With the recession hitting the Spanish hospitality industry particularly hard, it wasn't easy to find a suitable opening, although eventually I was invited to trial at an exciting new restaurant in one of the most glamorous locations in Barcelona. But by then I'd already made a commitment to return to London and surprise my friends and family by taking up a job in the East End, where I was born. Portuguese chef Nuno Mendes had been making a reputation for himself in the East End for years, first with his "fine dining in trainers" restaurant Bacchus in Hoxton and more recently with his private dining club, The Loft, in Hackney. I'd known for some time that he was planning a new restaurant in Bethnal Green, but when I saw for myself what was about to be launched, tested the dishes and met the kitchen team, I knew this was where I wanted to be. So I became part of the startup team at Viajante in Bethnal Green as the chef de partie for the cold section, helping to get the place up and running and to take it through soft openings. It was a thrill to cook for some of Britain's top chefs while I was there, most recently Claude Bosi of Hibiscus.

Ironically, although I originally moved to Barcelona in order to develop my passion for fusion cuisine, while I was there I actually developed in the opposite direction. As former seafarers and conquerors of much of the Mediterranean, Catalans are not afraid of new ingredients and techniques and their cuisine is certainly open and eclectic. But Catalan gastronomy - even the most innovative and radical - is firmly rooted in local culture and tradition. Working with Catalans and Valèncians has taught me the importance of drawing on the local culinary culture and sourcing the very best seasonal produce as locally as possible - while maintaining a global perspective and not becoming an obsessive locavore. And, as I've eaten in more and more Michelin-starred restaurants, I've come to realise that they are not all boring and conventional establishments. The best of the places I've eaten - El Celler de Can Roca, Lasarte, Cinc Sentits, Quique Dacosta... are all Michelin-starred.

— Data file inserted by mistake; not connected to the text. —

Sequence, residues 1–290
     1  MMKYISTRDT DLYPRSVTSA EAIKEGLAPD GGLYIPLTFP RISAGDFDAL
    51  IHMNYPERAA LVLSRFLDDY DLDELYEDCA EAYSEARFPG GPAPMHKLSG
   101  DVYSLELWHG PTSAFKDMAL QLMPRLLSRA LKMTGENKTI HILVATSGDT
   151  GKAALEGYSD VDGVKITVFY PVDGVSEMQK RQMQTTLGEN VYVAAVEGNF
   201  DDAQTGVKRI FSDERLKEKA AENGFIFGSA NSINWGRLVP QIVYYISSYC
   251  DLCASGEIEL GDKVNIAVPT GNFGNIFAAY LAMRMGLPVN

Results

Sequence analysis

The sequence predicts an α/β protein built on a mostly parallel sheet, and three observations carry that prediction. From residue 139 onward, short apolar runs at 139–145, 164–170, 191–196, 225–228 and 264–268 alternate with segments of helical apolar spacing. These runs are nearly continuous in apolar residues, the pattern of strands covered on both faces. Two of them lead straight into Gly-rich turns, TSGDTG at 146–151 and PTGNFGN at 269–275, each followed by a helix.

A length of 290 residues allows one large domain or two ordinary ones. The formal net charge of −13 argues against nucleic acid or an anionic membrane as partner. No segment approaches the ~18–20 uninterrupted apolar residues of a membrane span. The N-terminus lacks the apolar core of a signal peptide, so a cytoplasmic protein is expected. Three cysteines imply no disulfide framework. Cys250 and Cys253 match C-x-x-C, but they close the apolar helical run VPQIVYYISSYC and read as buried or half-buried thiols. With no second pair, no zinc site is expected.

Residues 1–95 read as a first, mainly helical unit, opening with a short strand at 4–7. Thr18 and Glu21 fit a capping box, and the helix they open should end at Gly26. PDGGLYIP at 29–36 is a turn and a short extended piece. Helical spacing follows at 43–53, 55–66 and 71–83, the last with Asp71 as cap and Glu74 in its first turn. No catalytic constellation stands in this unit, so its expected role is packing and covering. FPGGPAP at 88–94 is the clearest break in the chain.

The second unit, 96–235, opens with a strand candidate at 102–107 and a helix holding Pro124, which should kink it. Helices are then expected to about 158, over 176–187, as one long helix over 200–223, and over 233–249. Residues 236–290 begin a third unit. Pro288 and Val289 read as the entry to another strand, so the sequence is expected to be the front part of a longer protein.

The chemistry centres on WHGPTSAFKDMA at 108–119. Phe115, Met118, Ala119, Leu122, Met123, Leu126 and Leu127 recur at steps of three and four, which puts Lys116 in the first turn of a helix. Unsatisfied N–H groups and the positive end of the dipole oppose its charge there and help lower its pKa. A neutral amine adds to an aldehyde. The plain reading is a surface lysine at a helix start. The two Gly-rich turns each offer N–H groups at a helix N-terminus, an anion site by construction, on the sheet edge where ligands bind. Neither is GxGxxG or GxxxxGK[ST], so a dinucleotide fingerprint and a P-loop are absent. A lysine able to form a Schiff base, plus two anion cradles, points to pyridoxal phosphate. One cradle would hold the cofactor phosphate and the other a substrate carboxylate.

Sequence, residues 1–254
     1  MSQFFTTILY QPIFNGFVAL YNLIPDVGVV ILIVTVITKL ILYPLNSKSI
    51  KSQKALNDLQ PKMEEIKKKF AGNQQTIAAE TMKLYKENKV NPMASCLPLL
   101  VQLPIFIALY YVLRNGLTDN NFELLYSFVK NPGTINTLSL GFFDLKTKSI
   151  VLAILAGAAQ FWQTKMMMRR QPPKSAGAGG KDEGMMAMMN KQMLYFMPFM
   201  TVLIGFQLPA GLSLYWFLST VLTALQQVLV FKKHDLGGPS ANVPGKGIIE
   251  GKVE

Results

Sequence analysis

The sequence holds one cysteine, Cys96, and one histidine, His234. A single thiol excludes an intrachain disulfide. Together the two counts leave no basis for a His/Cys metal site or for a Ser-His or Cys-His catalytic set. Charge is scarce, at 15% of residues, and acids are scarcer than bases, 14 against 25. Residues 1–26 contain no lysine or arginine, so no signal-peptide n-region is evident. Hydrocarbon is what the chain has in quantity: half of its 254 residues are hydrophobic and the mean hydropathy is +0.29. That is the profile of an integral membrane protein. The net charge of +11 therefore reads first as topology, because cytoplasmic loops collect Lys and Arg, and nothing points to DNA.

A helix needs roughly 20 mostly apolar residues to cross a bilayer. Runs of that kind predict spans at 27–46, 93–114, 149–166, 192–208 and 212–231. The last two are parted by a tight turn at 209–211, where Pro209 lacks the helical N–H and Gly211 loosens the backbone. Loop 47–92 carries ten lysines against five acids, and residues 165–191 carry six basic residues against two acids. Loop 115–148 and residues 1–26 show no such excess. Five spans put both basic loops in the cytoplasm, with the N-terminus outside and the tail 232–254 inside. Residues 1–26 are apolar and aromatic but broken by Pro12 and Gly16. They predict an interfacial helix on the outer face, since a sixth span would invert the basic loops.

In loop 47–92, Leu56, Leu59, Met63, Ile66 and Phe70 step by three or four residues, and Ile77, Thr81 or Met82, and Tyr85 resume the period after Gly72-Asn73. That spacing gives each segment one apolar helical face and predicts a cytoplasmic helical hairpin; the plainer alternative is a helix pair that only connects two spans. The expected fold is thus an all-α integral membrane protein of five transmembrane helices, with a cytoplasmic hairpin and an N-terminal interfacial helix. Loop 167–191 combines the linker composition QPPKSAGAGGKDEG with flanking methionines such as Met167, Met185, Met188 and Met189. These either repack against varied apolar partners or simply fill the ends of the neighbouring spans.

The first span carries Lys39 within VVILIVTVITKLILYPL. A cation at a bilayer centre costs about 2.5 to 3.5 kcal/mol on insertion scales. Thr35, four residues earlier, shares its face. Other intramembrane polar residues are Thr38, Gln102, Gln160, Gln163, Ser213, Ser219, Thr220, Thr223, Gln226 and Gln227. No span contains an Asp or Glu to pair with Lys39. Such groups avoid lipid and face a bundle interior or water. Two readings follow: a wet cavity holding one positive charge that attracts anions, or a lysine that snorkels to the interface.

Right now I've decided to take a short break from fine dining and from blogging. But I'll be back!

Coach Carl Dixon and our winning team Apex Arvensdale FCClick here to see my photo diary of one day in my life as a third-year student at Westminster Kingsway. It will give you an idea of just how long my working day was and all of the activities that I packed into that long day. Hospitality is a tough career choice - my current job involves two shifts (with a siesta in-between) totalling over ten hours of work per day.

I was lucky to experience quite a lot in the formative years of my life, because my parents worked hard to give my brother and myself plenty of opportunities to try things out. We both did a lot of sport when we were young and that taught me the importance of always turning up on time and trying hard even when things aren't going well. I never quite reached the football standard of brother Joel, who trialled at Under-16 for England, but I was goalkeeper for one of the most successful ever teams in the Waltham Forest league in East London. Click for information about my youth football team Apex Arvendale FC.

Me and my family at Midsummer House, CambridgeBoth mum and dad were brought up in relatively poor families and missed out on many things that they were later able to give their own children. But they always understood the difference between the price of things and the value of things, so they never held back when it came to making sure we had valuable experiences. Now they are more comfortable financially, I don't feel guilty suggesting visits to top restaurants as presents and we've enjoyed a few such family outings, including to Midsummer House (right). They promised me a table at El Bulli to celebrate graduation, but for one reason or another it didn't happen. Now that I've worked for Ferran Adrià's former sous chef and made quite a few contacts in Catalan fine dining, it's more likely that I'll be taking them to El Bulli.

It's a small planetMy early travels around the world taught me that the planet is a very small place where we don't all have to be the same, but if we don't all get on with eachother we all sink together. I want to reflect this in my cooking.